Troubleshooting Common Cannabis Pests
Any cannabis grower can attest to the fact that once you’ve invested all that time and effort into tending your plants, you start to get a little attached to them. They’re like your pets! Which is exactly why it’s that much more stressful when invasive pests show up uninvited and threaten the health of your plants. They aren’t always easy to spot at first, but there are some telltale signs of pest invasion to look out for. If you spot pests early, they’re much simpler to get rid of. Here’s a list of the most common cannabis pests to look out for, how to check for early signs of infestation, and the best way to get them out fast.
These are one of the most common and troublesome plant pests around, because they reproduce ridiculously quickly without needing to mate. They feed off your plants by sucking out the sap, leaving behind a sticky layer of honeydew that can attract other varieties of unwanted pests, or even promote mould growth.
How to Spot Them:
These tiny bugs can be black, red, white, or green (the green variety being the hardest to spot since they blend right in with the leaves) but you’ll typically find them setting up camp on stems or the underside of the leaves away from direct light. If you notice sticky residue on your plants, or if the leaves begin to turn yellow and curl under, take a look under the leaves. If your vision isn’t super sharp, use a magnifying glass to make it a little easier on your eyes.
Getting Rid of Aphids
If these pesky sapsuckers have started to wreak havoc on your precious plants, act fast! Leaves with significant damage should be pruned and disposed of immediately. Next, you’ll want to make an insecticidal soap solution using water and castile soap and shake it up in a spray bottle. Spritz generously over your plants, monitor them over the next few days, and then apply again if there are still some traces of aphids. Make sure you use natural soap, not dish detergent!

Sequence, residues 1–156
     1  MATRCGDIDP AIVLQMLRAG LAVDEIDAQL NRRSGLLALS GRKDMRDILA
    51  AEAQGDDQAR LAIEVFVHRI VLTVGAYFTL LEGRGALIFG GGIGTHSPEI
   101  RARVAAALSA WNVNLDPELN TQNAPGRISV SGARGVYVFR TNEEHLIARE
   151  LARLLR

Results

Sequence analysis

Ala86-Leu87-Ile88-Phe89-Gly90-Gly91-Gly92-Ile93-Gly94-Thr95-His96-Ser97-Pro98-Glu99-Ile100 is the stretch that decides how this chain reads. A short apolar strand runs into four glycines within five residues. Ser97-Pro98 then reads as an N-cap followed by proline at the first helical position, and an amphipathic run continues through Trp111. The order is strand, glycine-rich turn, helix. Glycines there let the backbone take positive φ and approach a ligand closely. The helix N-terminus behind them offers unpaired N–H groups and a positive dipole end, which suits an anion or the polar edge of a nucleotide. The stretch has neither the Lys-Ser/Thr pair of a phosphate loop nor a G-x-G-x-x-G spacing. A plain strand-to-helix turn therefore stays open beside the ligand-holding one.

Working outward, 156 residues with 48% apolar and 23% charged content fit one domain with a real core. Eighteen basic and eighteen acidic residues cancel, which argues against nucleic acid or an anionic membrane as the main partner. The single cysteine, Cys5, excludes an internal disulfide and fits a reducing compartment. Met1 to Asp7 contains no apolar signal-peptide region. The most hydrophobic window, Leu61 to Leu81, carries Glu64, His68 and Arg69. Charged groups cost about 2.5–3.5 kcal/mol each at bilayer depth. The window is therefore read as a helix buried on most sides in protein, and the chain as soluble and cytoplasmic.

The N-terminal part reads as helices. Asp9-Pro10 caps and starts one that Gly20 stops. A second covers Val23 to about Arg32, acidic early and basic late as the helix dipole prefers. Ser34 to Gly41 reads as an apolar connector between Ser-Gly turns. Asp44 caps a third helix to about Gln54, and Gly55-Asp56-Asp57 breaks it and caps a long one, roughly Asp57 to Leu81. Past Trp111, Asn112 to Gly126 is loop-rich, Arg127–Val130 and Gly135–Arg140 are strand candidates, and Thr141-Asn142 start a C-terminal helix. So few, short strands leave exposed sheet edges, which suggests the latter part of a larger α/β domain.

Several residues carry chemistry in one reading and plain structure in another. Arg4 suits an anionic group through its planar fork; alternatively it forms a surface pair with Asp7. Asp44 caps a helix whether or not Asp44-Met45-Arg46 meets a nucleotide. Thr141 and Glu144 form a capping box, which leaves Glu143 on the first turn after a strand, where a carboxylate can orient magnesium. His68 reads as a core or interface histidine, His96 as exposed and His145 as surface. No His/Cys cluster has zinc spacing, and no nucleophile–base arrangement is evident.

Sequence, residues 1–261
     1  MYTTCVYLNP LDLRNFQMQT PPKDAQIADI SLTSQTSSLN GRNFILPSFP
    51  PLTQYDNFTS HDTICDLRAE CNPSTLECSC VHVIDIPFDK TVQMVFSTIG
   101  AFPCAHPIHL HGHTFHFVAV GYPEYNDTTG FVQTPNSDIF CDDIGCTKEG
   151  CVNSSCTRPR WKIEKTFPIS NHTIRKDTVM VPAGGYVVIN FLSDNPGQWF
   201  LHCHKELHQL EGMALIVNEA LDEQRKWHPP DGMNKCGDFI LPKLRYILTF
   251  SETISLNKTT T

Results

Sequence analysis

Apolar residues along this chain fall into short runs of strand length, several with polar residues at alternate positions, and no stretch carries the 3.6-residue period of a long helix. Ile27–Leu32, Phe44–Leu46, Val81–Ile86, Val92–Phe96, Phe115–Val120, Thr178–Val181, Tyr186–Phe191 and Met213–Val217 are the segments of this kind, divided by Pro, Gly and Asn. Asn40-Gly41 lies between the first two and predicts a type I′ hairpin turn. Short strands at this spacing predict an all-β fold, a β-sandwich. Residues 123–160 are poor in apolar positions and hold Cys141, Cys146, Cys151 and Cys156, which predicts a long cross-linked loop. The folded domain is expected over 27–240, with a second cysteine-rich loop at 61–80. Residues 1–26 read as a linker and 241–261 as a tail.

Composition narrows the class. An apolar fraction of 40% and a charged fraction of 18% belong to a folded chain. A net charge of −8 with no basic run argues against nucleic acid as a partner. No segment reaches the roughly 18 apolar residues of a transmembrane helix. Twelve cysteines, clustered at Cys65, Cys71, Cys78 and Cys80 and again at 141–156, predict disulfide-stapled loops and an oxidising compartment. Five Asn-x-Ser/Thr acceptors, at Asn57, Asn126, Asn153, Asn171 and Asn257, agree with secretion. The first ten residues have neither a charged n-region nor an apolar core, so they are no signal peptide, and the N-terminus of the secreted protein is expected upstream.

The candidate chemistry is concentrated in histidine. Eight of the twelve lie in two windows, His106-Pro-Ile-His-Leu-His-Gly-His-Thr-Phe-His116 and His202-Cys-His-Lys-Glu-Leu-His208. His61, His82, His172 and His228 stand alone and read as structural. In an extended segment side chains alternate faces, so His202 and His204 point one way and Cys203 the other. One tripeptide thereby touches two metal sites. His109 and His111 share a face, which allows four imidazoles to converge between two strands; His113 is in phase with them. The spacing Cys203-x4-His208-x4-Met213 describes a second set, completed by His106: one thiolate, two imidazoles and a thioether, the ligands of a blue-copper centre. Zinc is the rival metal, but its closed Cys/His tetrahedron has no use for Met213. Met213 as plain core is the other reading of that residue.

Similarly to aphids, these bugs suck out the sap from your plants. However, they’re even smaller and trickier to see, so you really have to watch closely for these guys. They reproduce really fast, too—one single mite can produce over a million babies in one month. Yikes!
How to Spot Them:
Check the underside of your leaves regularly for tiny little speckles. These could be the mites themselves or the little white eggs they lay. Leaves will start to yellow and die off rather quickly if they’ve been attacked by spider mites. If the infestation is particularly bad, you’ll notice a white threadlike webbing starting to appear between leaves, hence their name.
Getting Rid of Spider Mites
You’ll want to take an aggressive approach to eradicate spider mites. They’re pretty sneaky, so often if you think you’ve got them dealt with, there’s a whole colony of tiny young ones waiting for the right time to overthrow your precious plant. They also tend to build up a resistance to insecticides if you use the same one repeatedly, so it’s worth it to cycle through different methods so they don’t get stronger. We recommend insecticidal soap sprays, neem oil (an insecticidal compound extracted from the neem tree), or a couple of shots of vodka mixed with water in a spray bottle. Spray the vodka solution not just on the plants, but around the whole growing area just to be extra certain there aren’t any more hiding in there.
These little winged bugs don’t actually eat your cannabis plants, but they do a number on plant roots, and they can mess with soil quality which will make your plants much more susceptible to fungus and disease.
How to Spot Them:
You’ll see fully grown fungus gnats buzzing around the soil since they’re a bit more visible to the naked eye than many other bugs. If your pots have drainage holes, you may see their larva floating around in your drip tray (blegh, gross).
Getting Rid of Fungus Gnats
They like to lay their eggs in moist soil, so as far as prevention goes, keeping the top layer of soil dry and laying down some cloth over top will make it harder for them to go about their business. Keep your windows closed too because this is an open invitation for them to show up. If you find fungus gnats on your cannabis plants, mix up 1 part 3% hydrogen peroxide, and 3 parts water. Water the soil with this solution and those fungus gnats won’t stand a chance.
A swarm of invasive insects won’t be a death sentence for your cannabis plants as long as you deal with them as soon as possible. As they say, an ounce of prevention is worth a pound of cure (that’s a mathematical analogy any cannabis producer can understand!) so keep a close watch on your plant leaves, checking them regularly for creepy crawlies, speckles, sticky residue, or any suspicious changes in colour.